The UAE’s recognition of Israel puts Saudi Arabia more than any other Gulf state in the hot seat.
agreement to establish diplomatic relations between the United Arab Emirates
and Israel is only the latest event that drives nails into the coffin of the
notion that there is solidarity in the Arab and Islamic world.
presumption has long been that these nations share common geopolitical
interests on the basis of ethnicity or religion and embrace kinship solidarity.
the UAE-Israel agreement, there is more evidence pointing to the hollowness of
Arab and Muslim solidarity.
consider the current Saudi-Pakistani spat over Kashmir, as well as a variety of
feuds among Gulf states and between Turkey, the kingdom and the Emirates.
agreement: Why now?
motivation for the UAE-Israel agreement is that both countries worry that a
potential election victory by presumptive Democratic candidate Joe Biden on
November 3rd could bring an administration into office that is willing to seek
accommodation with Iran.
establishment of diplomatic relations strengthens the UAE’s position as one of
the United States’ most important partners in the Middle East.
allows Israeli Prime Minister Benjamin Netanyahu to argue that his hardline
policy towards the Palestinians does not impede a broader peace between the
Jewish state and Arab nations.
Muslim vs. Muslim
UAE’s willingness to formally recognize Israel underscores an undeniable
reality that the idea of Arab and Muslim solidarity exists in theory and
reality, it gets trumped all the time by the hardnosed interests that various
countries and their rulers pursue.
comes as no surprise that, as Messrs. Trump and Netanyahu and UAE Crown Prince
Mohammed bin Zayed were putting the final touches on their coordinated
statements, traditional allies Saudi Arabia and Pakistan were locked into an
escalating spat over Kashmir.
spat follows India’s 2019 move to revoke the autonomy of the Muslim-majority
state of Jammu and Kashmir and to impose a brutal crackdown.
countries, with Saudi Arabia and the UAE in the lead, have been reluctant to
jeopardize their growing economic and military ties to India — effectively
hanging Pakistan out to dry.
Gulf states, instead of maintaining their traditional support for Pakistan,
feted Indian Prime Minister Narendra Modi as developments in Kashmir unfolded.
vs. Saudi Arabia
response, Pakistan hit out at Saudi Arabia where it hurts.
public criticism of the kingdom, Pakistani Foreign Minister Shah Mahmood
Qureshi suggested that Pakistan would convene an Islamic conference outside the
confines of the Saudi-controlled Organization of Islamic Cooperation (OIC)
after the group rejected Islamabad’s request for a meeting on Kashmir.
Saudi Arabia’s leadership and quest for Muslim religious soft power, Mr.
Qureshi issued his threat eight months after Pakistani Prime Minister Imran
Khan under Saudi pressure had bowed out of an Islamic summit in Kuala Lumpur
convened by the kingdom’s critics, including Qatar, Turkey and Iran.
Arabia’s obvious fear is that any challenge to its leadership could fuel
demands that Saudi Arabia sign over custodianship of Mecca and Medina to a
contested politics of symbolism
all, it is the custodianship and Saudi Arabia’s image as a leader of the Muslim
world that persuaded UAE Crown Prince Mohammed to reach out to Israel in the
UAE’s ruler is also obviously keen to use his embrace of dialogue with Jewish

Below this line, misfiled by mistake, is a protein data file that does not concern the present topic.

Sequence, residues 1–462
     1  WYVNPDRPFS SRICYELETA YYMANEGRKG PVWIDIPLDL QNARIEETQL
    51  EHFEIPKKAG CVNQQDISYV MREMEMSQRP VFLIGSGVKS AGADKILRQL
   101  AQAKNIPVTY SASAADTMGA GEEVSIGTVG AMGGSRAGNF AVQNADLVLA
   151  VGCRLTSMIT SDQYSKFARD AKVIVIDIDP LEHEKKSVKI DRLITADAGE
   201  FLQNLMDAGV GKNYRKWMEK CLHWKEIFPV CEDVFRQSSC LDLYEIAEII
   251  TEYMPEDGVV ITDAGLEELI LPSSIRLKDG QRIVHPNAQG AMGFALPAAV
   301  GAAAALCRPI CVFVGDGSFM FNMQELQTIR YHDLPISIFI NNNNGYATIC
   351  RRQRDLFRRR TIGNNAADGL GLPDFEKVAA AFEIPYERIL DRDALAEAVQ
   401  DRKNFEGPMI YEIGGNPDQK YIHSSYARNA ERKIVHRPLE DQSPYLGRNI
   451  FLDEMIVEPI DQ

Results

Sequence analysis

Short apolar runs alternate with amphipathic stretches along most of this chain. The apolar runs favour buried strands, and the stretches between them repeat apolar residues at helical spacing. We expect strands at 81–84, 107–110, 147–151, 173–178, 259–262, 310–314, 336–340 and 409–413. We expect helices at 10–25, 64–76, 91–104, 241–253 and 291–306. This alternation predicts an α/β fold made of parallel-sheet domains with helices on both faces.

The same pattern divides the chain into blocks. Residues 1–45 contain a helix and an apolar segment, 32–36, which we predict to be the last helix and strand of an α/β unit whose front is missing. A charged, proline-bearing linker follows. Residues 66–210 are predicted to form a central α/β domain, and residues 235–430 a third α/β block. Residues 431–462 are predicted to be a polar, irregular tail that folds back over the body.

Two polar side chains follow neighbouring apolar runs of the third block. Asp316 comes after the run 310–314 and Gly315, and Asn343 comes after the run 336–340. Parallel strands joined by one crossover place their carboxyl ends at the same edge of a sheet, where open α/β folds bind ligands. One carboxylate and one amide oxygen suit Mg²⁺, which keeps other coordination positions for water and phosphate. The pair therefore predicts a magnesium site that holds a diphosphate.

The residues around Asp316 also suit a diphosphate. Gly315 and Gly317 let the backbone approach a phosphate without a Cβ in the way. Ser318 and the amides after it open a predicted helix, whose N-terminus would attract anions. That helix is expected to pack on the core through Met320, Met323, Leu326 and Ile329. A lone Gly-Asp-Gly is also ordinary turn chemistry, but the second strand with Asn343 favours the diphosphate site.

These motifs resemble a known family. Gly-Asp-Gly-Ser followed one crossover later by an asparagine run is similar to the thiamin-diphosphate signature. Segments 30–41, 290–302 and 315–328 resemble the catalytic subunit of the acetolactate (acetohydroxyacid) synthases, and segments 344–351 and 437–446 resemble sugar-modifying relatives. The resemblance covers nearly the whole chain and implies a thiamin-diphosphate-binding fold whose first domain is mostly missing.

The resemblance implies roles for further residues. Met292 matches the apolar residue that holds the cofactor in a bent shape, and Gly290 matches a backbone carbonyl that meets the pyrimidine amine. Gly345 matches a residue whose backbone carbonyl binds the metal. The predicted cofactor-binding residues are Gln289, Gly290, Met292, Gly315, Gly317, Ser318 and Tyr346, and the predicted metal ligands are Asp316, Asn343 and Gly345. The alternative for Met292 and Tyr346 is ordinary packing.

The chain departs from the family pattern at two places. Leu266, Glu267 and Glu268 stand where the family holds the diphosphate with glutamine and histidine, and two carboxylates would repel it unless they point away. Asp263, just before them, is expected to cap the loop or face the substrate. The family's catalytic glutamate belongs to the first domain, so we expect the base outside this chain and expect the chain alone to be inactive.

and Christian groups to bolster his tarnished image in Washington and other
UAE’s recognition of Israel puts Saudi Arabia more than any other Gulf state in
the hot seat when it comes to establishing relations with Israel. And it puts
the UAE’s Prince Mohammed bin Zayed in the driver’s seat.
all about national interests and competition — and has very little to do with
Arab or Muslim solidarity.
M. Dorsey is a scholar and award-winning journalist. A senior fellow at
Singapore’s S. Rajaratnam School of International Studies and co-director of
the University of Wuerzburg’s Institute of Fan Culture, James is one of the
pioneers of the exploration of the political, social and economic aspects of
Middle Eastern and North African soccer.
has published widely in scholarly journals, writes a syndicated column, is the
author of the acclaimed blog, The Turbulent World of Middle East Soccer and a
recently published book with the same title.
book, Comparative Political Transitions between Southeast Asia and the Middle
East and North Africa( co-authored with Teresita Cruz-Del Rosario), was
published in July 2016.
currently working on three forthcoming books: China and the Middle East:
Venturing into the Maelstrom, Creating Frankenstein: Saudi Arabia’s Export of
Ultra-conservative Islam, and Shifting Sands: Volatile Transitions in the
Middle East and North Africa, Essays on Sports and Politics
two-time Pulitzer Prize nominee and a 2013 finalist for the European Press
Award, James started covering ethnic and religious conflict as a foreign
correspondent in the 1970s.
served as a foreign correspondent for Dutch newspaper Trouw, The Wall Street
Journal, The New York Times, Financial Times, The Christian Science Monitor and
Dutch and Belgian radio and television. James was based in Beirut, Jerusalem,
Cairo, Teheran, Kuwait, Riyadh, Dubai, Larnaca, Athens, Istanbul, Washington,
Lima, London, Paris and Amsterdam.
the Middle East and North Africa, James has also reported over the past four
decades from most major conflicts zones in Europe, Africa, Latin America and
Asia, including Afghanistan, former Yugoslavia, Central Asia, the Caucasus,
Ethiopia, Somalia, Rwanda, Congo, Eritrea, Yemen, the Western Sahara, Columbia,
Panama, Nicaragua, Honduras, Guatemala, Kashmir, Thailand and Bangladesh.